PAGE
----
Why Taxpayers Should Support a National Broadcast System

The current political rhetoric surrounding the bill to muffle NPR and to limit the ability of its affiliate network to survive, much less prosper, misses the important philosophical question of whether or not a government-supported international broadcast network makes sense.

Like a national health system, most other civilized countries have, with varying degrees of success, committed taxpayer funds to a non-commercial broadcast system.

The first key to the success of a government-supported broadcast enterprise is the impermeability of the editorial firewall between the government’s self-interests and management’s daily editorial decisions to collect, edit, and publish news consistent with commonly understood standards of journalistic integrity.

The other success factor is governance. There must be an independent, diverse and disinterested governing board that holds it to the same standards as any business enterprise. The focus is not on profit, however, but on mission.  Leadership must assure the attributes of a professional news organization, such as audience measurement and feedback loops, a public ombudsman, fact-checking, a clear distinction between news and opinion, and regular personnel performance reviews.

Libertarians believe that government should not be in the news business. Conservatives may feel as libertarians do or they may not like the way the news is presented. Liberals generally prefer a national news service even when it brings them news they don’t like or presents opposing viewpoints.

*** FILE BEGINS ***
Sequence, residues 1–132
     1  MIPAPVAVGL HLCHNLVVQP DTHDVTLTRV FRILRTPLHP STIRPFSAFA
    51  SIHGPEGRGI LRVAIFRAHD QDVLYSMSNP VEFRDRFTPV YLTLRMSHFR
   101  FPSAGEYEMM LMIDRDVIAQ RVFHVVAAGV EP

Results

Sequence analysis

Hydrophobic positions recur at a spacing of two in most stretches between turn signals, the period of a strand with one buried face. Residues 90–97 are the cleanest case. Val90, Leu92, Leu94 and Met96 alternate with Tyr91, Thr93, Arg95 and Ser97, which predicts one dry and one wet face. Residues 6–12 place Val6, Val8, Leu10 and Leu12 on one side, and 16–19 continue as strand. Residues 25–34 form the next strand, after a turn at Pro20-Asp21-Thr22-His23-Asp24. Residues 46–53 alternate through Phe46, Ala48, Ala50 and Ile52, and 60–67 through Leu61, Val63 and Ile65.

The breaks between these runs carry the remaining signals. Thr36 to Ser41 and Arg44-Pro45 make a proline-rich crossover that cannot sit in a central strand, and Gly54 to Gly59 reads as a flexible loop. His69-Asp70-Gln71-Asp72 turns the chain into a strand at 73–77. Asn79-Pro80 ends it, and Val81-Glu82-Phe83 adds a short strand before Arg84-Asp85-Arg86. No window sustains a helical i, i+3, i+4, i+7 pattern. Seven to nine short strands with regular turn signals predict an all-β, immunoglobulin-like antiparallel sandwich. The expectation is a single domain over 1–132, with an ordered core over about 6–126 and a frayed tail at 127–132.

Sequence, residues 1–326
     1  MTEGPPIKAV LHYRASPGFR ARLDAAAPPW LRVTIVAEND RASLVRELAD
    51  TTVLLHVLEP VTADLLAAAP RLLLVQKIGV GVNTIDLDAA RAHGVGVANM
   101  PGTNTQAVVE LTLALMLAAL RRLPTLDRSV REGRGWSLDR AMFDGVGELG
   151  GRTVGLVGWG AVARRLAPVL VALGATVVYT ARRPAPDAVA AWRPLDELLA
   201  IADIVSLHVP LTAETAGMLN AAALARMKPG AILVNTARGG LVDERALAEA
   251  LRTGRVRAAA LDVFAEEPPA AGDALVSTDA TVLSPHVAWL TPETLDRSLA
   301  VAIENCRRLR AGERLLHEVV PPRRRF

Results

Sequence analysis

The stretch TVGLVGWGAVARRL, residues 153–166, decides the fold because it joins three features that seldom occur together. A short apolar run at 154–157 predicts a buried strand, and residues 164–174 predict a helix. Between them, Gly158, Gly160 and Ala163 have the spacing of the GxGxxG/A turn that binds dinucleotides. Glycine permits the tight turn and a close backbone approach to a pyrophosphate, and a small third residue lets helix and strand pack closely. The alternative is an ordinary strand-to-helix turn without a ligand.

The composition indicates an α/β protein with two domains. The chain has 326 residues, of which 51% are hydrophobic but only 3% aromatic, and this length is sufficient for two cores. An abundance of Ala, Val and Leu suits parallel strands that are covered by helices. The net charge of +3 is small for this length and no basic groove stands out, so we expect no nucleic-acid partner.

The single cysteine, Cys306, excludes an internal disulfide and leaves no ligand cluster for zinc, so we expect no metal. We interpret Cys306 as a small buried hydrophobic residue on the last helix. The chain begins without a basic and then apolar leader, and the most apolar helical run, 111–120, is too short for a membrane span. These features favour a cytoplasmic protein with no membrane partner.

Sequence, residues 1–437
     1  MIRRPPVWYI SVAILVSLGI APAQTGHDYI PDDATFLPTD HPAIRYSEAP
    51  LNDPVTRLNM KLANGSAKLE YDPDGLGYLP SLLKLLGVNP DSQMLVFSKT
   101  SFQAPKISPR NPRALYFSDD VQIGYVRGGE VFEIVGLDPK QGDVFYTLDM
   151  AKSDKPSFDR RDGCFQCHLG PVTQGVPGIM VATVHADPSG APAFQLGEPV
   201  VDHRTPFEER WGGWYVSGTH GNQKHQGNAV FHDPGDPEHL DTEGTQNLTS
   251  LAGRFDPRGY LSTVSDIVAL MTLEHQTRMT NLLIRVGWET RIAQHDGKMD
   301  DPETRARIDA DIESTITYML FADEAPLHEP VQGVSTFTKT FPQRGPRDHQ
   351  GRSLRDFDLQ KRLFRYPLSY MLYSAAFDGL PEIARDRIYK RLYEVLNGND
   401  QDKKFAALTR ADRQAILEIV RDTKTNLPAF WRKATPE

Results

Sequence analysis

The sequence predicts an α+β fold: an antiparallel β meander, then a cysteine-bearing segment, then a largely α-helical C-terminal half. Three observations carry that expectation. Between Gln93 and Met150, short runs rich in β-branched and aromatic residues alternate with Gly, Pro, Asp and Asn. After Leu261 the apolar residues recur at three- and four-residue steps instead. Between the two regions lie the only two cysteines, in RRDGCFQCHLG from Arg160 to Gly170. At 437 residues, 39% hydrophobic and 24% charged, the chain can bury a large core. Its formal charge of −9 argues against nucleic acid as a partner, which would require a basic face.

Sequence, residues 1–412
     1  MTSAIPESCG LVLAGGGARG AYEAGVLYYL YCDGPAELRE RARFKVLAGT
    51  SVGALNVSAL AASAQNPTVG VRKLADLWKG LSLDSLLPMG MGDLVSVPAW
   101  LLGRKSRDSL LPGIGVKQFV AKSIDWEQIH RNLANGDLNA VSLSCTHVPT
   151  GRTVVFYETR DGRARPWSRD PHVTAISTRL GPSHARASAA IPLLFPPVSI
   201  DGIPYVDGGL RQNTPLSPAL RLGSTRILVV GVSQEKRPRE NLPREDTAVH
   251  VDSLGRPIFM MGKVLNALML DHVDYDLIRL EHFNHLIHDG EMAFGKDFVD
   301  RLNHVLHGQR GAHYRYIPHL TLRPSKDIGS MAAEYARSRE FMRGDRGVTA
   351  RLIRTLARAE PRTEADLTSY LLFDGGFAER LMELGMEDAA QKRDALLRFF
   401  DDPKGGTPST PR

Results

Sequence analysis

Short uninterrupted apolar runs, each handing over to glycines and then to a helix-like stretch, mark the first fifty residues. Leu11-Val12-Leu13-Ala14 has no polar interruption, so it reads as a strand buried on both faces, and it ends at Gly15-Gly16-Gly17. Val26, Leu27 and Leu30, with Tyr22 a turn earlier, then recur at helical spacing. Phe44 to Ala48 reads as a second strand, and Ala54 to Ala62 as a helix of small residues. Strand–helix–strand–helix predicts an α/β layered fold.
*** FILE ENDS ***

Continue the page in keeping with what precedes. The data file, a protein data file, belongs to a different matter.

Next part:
The problem is made more complex by the fact that fewer consumers know the difference anymore between hard news and opinion and regularly conflate the two.

There is no philosophical reason to hate properly presented news, regardless of the source. It’s like hating the weather. One can disagree with or even hate opinion, but not news. The real measurement of a good public broadcast system is whether all editorial opinions are given equal time by articulate spokespeople.

I believe having a world-class broadcast service representing America is vital to our strategic interests. We are still, to varying degrees, recognized as a world leader. Why not lead here as well, in the same way that Britain’s BBC has since radiotelephony began? The only durable way to lead is by example. Military marketing of democracy has proven temporary at best.

Domestically, I believe that the imperative for such a news and information service derives from our founding commitment to an accessible educational system, which, after all, is one predicate of a functioning democracy along with a free press. Such a system is also justified by the generally accepted government mandate to maintain a secure and accessible communication infrastructure. As Internet technology advances and offers citizens enhanced opportunities for journalistic participation and feedback, the link between such a public broadcast network and democracy is only strengthened.

Why do we feel we need to tear down what we don’t like, rather than improve it? I can sympathize with libertarians who are philosophically opposed to entrepreneurial government initiatives, but am less sympathetic to the far right who don’t like the message and prefer to shoot the messenger rather than participate in a discussion of how to improve the system.

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